Monday, December 6, 2010

Re: [MISP] Understanding the Netflix Business Model



Good points Tetsuki, can you tell us how much Netflix paid for per copy? I know they have 58 distribution centers, if they bought 10 for each center that would be 580. The normal purchase is 3 for each center - 174 copies. Revenue share for streaming per play my understanding is 67% for most streaming services and Netflix is actually a ASCAP - BMI model.  


On Dec 6, 2010, at 3:05 PM, Tetsuki Ijichi wrote:

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My company Tidepoint Pictures has been working with Netflix for more than 8 years through a few different physical video distributors, however, Netflix will buy out 100 copies up to 600 copies from the distributors and producers for their rental use.  Now they are focusing on VOD services.  

Recently we sub-licensed our Japanese film Noriko's Dinner Table for them.  Most of the VOD streaming services will still have a revenue share structure.  Netflix is one of the few companies to acquire the rights for a ceartain term.  So, We need more Netflix' competitors, I think.  That's my additional note.

Tetsuki Ijichi


On 2010/12/06, at 午前10:33, Kenneth Knoll <knoll@SOUTHWESTONLINE.COM> wrote:

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If you own a car rental business you buy a bunch of cars for a price and then you rent that car out to many people. It has to do with tangible items. Now streaming is not a tangible item, it is data. Your example of the Library deal is a licensing agreement. A little different. Self regulation, a Republican concert. WHAT!!!!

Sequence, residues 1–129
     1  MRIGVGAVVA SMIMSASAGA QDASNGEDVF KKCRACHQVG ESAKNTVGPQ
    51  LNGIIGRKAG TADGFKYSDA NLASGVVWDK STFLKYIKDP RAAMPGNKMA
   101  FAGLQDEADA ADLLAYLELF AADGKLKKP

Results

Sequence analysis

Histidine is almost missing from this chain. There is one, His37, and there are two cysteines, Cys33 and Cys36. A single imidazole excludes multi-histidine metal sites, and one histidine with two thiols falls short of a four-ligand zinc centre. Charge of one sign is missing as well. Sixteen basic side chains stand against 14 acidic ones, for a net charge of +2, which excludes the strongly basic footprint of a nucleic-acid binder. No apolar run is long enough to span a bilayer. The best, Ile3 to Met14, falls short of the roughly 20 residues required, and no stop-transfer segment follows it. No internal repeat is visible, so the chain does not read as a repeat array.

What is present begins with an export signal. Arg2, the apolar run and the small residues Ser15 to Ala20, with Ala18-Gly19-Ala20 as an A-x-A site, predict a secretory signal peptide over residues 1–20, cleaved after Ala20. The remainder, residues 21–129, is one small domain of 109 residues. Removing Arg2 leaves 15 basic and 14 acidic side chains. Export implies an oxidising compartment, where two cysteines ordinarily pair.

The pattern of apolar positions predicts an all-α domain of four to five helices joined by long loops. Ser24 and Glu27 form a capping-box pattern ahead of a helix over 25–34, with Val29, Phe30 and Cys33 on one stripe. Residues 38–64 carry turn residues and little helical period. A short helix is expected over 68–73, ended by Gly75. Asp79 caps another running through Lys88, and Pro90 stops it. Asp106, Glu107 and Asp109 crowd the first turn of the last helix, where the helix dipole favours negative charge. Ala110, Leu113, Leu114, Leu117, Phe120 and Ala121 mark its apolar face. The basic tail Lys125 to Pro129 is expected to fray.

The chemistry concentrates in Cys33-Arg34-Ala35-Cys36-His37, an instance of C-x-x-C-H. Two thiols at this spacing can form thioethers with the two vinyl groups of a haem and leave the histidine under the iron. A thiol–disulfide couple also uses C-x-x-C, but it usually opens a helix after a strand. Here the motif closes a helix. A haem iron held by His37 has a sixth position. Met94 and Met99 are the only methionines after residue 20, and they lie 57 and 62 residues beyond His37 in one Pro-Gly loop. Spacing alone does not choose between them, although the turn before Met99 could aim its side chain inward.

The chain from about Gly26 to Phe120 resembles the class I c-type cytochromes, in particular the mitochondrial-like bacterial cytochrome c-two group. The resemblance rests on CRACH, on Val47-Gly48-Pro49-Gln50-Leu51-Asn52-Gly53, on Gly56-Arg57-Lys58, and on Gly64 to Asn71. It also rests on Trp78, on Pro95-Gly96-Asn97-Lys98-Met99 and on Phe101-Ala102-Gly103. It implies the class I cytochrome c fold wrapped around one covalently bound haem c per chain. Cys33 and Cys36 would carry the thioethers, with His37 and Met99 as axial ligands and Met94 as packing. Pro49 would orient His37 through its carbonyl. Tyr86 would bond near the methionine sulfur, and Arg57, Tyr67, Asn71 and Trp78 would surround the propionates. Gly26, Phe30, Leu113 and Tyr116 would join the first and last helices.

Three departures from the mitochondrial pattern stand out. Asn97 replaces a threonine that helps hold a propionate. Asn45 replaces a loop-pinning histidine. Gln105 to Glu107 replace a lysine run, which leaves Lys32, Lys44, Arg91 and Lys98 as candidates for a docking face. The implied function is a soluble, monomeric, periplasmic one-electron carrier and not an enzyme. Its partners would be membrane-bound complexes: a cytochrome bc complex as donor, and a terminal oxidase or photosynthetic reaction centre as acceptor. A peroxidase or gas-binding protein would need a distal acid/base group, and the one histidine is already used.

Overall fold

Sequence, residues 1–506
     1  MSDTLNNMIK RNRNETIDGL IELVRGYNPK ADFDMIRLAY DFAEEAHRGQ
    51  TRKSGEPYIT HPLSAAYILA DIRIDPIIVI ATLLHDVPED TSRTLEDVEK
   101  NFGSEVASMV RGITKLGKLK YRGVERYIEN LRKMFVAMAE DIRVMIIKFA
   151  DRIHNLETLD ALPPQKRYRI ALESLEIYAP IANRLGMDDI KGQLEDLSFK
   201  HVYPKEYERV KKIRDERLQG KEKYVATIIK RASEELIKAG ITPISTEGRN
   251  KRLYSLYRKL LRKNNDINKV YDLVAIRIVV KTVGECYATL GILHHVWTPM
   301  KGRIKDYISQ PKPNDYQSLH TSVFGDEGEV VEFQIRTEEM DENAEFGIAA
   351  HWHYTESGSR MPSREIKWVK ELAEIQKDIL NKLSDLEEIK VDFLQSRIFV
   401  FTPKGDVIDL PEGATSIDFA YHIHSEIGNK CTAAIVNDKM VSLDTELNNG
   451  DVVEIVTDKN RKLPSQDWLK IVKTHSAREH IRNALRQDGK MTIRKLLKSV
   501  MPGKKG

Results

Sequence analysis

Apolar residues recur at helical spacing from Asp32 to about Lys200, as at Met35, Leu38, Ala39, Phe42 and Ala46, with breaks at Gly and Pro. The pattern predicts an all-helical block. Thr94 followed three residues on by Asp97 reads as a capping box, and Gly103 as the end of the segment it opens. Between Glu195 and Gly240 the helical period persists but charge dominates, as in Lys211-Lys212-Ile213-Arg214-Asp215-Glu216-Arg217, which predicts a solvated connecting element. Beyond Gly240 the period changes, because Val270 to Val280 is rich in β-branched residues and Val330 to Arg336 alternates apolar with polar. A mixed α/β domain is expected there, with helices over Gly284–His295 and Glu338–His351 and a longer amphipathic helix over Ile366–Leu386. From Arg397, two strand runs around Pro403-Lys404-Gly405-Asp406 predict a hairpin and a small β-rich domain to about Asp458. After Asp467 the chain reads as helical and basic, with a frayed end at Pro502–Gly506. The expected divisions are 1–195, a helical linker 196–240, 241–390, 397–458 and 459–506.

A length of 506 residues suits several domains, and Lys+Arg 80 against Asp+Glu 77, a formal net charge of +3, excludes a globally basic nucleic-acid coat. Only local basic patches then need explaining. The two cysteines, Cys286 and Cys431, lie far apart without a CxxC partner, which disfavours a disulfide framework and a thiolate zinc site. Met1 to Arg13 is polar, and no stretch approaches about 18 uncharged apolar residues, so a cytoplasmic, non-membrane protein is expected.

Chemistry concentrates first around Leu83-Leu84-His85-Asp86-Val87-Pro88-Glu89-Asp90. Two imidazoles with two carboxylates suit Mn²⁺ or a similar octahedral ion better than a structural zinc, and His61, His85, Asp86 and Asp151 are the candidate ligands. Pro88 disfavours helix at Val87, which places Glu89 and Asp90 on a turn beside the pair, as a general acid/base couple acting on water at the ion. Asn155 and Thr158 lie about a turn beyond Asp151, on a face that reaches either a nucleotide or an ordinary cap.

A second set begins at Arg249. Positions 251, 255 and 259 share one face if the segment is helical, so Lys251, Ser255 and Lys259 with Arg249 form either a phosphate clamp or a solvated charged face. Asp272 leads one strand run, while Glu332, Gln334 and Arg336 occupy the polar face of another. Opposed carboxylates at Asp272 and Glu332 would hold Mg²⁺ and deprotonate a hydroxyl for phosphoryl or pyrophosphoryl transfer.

On Dec 6, 2010, at 10:26 AM, Jim Terr wrote:

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Truly fascinating article. I always wondered how Netflix could make money with sending out all those DVDs, and it looks like they barely do, and their streaming model is indeed headed for disaster unless they can get a much cheaper licensing rate - and why should they?

And I'm surprised this "doctrine" which allows them to mail DVDs isn't pulled out from under them:

For this mail-in business, Netflix did not need the approval of the studios. It simply buys DVDs, as does anyone else, from retailers such as Wal-Mart then mails them out to subscribers. What makes this form of rental  legal is the "first sale doctrine," which holds that once a person buys a DVD, he can rent it out to others without the permission of the copyright holder.

In fact, when I sell my documentaries to libraries, they ask specifically for "library rights", meaning as I understand it that they can have showings -- I wonder how this relates to this "first sale doctrine," which seems more liberal / all-encompassing.

Thanks, Kenneth - interesting info. Here's the link in case it didn't come through for some the first time.

http://www.thewrap.com/movies/blog-post/netflix-streaming-its-way-towards-disaster-23019?page=0,0





On 12/6/2010 10:03 AM, Kenneth Knoll wrote:
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A lot of independent film makers really don't understand the Netflix business model, the link below is right on mark.

http://www.thewrap.com/movies/blog-post/netflix-streaming-its-way-towards-disaster-23019?page=0,0

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